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A subpoena that led to the downfall of an American president will have a new home at UNC, thanks to a donation by Raleigh lawyer Rufus Edmisten ’63.
Edmisten, deputy chief counsel to the Senate Watergate Committee chaired by Sen. Sam Ervin (class of 1917) of North Carolina, served President Richard Nixon with the subpoena on July 23, 1973. That original subpoena, along with Edmisten’s personal archive, is becoming part of the Southern Historical Collection in the Wilson Special Collections Library, home of Ervin’s papers since 1975.
Edmisten will mark the donation of his papers to the University at 5:30 p.m. Sept. 20 with a free public talk in the Pleasants Family Assembly Room in Wilson Library. Chancellor Holden Thorp ’86 plans to interview Edmisten and moderate questions from the audience.
The Edmisten papers arrive 40 years after the June 1972 break-in at the Democratic National Committee headquarters at the Watergate office complex that gave the scandal its name. The investigation of the break-in and the Nixon administration’s cover-up of its involvement — including the White House tapes that Edmisten subpoenaed and Nixon refused to release — eventually led to Nixon’s resignation.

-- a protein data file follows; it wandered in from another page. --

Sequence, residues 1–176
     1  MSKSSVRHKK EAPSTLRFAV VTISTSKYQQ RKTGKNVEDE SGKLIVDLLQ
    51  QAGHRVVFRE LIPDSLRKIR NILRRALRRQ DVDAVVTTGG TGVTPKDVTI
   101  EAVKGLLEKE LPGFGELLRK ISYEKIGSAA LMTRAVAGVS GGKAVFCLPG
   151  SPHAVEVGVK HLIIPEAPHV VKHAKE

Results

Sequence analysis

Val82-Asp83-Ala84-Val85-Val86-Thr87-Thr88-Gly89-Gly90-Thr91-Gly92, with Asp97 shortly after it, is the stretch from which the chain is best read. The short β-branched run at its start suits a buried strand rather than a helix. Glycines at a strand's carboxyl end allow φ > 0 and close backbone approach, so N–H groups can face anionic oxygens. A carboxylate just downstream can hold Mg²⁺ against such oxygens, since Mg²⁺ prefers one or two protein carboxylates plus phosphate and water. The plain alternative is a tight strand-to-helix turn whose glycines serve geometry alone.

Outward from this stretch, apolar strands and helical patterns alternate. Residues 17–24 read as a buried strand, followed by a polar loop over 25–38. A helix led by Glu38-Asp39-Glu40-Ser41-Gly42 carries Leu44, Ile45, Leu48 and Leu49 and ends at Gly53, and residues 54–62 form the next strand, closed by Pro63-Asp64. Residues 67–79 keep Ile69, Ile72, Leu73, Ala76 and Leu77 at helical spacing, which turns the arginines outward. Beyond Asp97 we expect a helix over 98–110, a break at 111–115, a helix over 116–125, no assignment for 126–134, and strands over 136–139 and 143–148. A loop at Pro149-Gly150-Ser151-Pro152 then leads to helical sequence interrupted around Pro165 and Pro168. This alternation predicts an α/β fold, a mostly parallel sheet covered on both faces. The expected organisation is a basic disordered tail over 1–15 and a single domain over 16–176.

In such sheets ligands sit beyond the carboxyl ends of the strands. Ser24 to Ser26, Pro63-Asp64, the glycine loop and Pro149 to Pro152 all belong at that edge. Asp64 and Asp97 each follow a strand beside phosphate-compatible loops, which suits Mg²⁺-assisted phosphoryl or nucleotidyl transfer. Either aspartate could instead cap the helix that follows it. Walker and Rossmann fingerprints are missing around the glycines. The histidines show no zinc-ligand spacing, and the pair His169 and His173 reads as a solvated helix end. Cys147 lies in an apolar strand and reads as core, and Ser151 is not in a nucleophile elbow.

“Uniting the Edmisten papers with those of Senator Ervin at UNC presents a tremendous opportunity for research,” said Tim West ’72 (MAT, ’76 MSW), curator of the Southern Historical Collection. “Taken together, they demonstrate the critical role of North Carolinians in investigating this country’s greatest political scandal.”
Both the famed subpoena, from Edmisten’s papers, and Nixon’s letter of refusal, from Ervin’s papers, will be on display in the Wilson Library lobby at 5 p.m., just before Edmisten’s talk.
Also on view will be notes that Ervin made during the hearings, letters he received and other items linked to the Watergate affair from both archives.
His papers also document Edmisten’s 30 years of public service in Washington and in North Carolina. Edmisten, a native of Boone, graduated from George Washington University law school after majoring in political science at Carolina. After serving for 10 years on Ervin’s staff, he returned to North Carolina and was elected attorney general in 1974. He ran for governor in 1984. He served as secretary of state from 1988 to 1996 before launching a private law career with the firm that is now Edmisten, Webb & Moore in Raleigh.
For program information, contact Liza Terll, Friends of the Library, (919) 548-1203.